Memo To The Establishment: It’s Not 1958 Anymore

In the 1980’s, I often heard the expression “it’s not 1958 anymore” to describe the changing economic and political climate in the US.  These were the days when Reagan’s was ascendant and Keynesian ideas had been thoroughly discredited (or so we thought). The economy was being de-regulated, capital moved more freely, employment became for flexible for individuals, and innovation of all kinds soared in the private sector.  The days of the UAW and GM agreeing to wage scale increases in large increments and bond markets nodding were tossed into the ash heap just like Jim Crow.  The old Post World War II system was untenable in the emerging global economy and the US, led by Ronald Reagan, showed the world the way to 25 years of largely sustained economic growth. 

Louisiana did not share in this prosperity for the bulk of the past few decades – in large part due to the “old school” model of cronyism championed by the now-incarcerated former Governor Edwin Edwards.  Louisiana became uncompetitive compared to surrounding states like Texas, Florida, Tennessee, Georgia and even Alabama.  Our corporate and individual tax burdens rose, along with public sector spending that outstripped the regional average, and population grew the least in the Southeast.

Then along come the twin events of term limits and Bobby Jindal’s election as Governor in 2007.  Although the jury is still out on how the Governor and the legislature will go down in history, it is clear they have moved away from the tax and spend and spend model that annually forced thousands of our best and brightest to Houston, Dallas and Atlanta for meaningful employment.  The days of raising taxes to maintain the state’s bloated budget are over, as spirited objections to Governor Jindal’s comparatively modest $15 driver’s license fee increase can attest.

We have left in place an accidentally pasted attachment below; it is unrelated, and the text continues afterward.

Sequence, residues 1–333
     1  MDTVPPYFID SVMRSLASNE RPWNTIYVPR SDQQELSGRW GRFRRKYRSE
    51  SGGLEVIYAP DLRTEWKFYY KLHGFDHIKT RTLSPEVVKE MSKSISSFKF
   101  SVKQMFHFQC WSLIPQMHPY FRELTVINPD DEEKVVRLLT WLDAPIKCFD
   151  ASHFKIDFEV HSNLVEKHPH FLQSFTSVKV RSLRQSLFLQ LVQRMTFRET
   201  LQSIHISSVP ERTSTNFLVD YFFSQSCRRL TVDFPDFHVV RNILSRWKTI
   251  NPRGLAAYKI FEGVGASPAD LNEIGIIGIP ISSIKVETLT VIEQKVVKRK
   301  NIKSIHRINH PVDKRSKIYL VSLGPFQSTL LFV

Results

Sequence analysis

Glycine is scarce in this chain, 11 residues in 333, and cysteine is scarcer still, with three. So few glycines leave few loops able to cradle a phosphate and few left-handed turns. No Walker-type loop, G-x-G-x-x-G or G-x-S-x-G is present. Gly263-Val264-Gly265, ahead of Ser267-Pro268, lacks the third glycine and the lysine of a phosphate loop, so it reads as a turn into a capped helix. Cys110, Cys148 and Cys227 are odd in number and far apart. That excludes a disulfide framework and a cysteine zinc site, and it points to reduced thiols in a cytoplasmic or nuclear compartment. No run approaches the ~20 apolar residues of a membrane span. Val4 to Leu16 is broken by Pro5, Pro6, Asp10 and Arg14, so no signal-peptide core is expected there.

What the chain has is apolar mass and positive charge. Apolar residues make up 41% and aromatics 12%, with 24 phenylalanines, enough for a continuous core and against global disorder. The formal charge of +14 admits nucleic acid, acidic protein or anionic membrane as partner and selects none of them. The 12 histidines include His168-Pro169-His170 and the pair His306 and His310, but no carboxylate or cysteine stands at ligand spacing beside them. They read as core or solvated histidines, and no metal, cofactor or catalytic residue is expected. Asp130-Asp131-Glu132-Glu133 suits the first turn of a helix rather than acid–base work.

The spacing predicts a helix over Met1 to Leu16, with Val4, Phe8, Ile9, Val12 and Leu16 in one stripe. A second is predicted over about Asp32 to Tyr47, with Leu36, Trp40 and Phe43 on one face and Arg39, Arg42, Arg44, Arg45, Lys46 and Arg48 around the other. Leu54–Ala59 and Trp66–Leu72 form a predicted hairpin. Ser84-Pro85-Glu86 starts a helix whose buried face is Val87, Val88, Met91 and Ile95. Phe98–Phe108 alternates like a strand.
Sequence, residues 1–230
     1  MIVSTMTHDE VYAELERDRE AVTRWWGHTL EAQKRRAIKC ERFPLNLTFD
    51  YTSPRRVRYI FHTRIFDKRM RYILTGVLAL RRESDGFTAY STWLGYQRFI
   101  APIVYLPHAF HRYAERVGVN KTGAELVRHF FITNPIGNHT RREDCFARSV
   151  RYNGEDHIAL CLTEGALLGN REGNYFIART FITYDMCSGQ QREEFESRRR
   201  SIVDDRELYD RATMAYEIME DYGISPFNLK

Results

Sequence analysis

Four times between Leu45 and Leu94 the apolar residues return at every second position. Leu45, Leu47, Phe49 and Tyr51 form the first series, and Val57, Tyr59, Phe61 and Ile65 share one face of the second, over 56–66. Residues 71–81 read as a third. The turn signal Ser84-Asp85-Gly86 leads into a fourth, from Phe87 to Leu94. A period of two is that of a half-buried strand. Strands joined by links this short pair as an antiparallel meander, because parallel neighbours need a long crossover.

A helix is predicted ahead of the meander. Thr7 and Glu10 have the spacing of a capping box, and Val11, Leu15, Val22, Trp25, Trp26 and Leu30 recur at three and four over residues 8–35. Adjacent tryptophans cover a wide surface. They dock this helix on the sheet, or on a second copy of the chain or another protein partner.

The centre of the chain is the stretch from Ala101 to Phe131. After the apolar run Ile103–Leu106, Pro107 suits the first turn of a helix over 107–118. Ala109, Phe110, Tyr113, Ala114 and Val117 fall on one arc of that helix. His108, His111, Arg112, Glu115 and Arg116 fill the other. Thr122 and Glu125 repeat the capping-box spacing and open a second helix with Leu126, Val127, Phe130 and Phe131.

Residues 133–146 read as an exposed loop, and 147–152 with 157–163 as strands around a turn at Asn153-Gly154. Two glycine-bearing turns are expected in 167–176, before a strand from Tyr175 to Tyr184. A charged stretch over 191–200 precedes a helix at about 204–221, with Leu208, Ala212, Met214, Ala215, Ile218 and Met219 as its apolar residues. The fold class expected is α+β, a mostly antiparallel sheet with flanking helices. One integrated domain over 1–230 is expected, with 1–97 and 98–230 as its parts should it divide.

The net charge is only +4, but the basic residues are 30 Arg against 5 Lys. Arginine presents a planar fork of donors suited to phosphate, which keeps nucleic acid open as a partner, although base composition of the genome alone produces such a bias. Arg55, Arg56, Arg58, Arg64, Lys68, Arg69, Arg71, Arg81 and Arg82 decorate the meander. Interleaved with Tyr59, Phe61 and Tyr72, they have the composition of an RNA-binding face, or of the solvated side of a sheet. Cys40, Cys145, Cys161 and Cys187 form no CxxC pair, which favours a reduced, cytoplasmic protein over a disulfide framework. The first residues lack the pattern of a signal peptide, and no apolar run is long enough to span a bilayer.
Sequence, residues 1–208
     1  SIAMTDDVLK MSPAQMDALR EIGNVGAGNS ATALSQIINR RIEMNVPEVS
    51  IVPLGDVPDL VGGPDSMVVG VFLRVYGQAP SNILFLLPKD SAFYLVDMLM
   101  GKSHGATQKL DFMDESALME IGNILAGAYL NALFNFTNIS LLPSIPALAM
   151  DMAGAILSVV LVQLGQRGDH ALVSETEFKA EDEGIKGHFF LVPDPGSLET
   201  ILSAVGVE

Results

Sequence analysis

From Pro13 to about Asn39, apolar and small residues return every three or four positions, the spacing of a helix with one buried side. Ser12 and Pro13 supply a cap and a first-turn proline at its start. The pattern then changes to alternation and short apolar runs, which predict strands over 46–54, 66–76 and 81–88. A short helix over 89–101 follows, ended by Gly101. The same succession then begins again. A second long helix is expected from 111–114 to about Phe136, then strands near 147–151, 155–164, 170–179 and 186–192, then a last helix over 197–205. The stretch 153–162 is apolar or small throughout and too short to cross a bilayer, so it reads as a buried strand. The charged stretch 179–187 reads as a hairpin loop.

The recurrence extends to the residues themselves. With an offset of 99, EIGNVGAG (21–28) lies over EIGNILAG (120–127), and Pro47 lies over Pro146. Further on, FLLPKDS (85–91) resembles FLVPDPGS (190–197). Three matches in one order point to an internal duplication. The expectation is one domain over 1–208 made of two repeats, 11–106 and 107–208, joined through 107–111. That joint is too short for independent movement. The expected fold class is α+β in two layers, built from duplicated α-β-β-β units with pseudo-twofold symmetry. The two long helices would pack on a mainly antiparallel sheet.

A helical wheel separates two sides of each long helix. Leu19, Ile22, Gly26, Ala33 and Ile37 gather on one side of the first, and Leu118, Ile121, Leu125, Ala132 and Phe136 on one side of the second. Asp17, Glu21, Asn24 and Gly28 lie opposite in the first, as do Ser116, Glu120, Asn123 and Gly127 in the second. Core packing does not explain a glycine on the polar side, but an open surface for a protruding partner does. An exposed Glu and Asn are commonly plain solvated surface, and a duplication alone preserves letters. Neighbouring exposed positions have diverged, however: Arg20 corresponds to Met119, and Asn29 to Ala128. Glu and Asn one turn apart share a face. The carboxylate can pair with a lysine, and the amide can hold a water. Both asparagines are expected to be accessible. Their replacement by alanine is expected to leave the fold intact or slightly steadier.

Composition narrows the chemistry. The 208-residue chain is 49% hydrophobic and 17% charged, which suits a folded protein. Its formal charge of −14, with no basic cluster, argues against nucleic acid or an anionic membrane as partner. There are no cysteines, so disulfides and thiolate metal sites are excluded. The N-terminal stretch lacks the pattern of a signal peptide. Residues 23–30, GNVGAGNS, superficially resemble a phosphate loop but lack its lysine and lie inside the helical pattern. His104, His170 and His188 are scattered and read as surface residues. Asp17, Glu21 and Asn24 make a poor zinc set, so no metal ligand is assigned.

Fear not, ye legions of the establishment, along comes John Maginnis with a simple solution, bring back the Stelly tax.  Yes, the state simply cannot afford to make any cuts in a budget that spends more in real dollars than Tennessee with 20% less population.  We cannot consolidate a system of higher education that has twice as many four-year institutions as the state of Florida, a state with about 3 times the college age population and a destination for students from around the country and world. If not for “giving” the middle and upper middle-income voters a break on their state income taxes the state would have enough to keep every aspect of state government humming.  We are competing with states like Texas, Florida and Tennessee, which manage to sustain viable social services WITHOUT ANY INCOME TAX AT ALL, to keep and attract business.  Maginnis speculates that eliminating the Stelly Tax is why the state has not had enough cash to pay out annual refunds; this is the worst economy since at least the 1930’s.  It would be nice to have some firm data on this before fingering Stelly repeal but maybe that would be asking too much. 

Perhaps Washington, DC could be part of the problem, no? The “health care reform bill” signed into law by President Obama this week will add, on top of all the other mandates to states, a massive Medicaid expansion that will cost hundreds of millions MORE annually in a budget environment that is already horrific.  Louisiana is actually
in the top 10
states right now in the soundness of our fiscal condition, so I can only imagine the massive budget cutting going on in 40+ other states.

 What Governor Jindal and the reform-oriented members of the legislature should do is look at this budget situation as an opportunity make bold changes to the higher education budget. There is duplication, everyone who studies this closely knows it, so taking action now can prevent Louisiana from going the way of California, New York and others who are leading their states into an abyss of debt that only a Chinese bond holder could love.  It is not 1958 anymore and we need to make policy changes that reflect the realities of the 21st century, not the same old song and dance of raising taxes every time revenues go down.  Louisiana needs more taxpayers, not more taxes!



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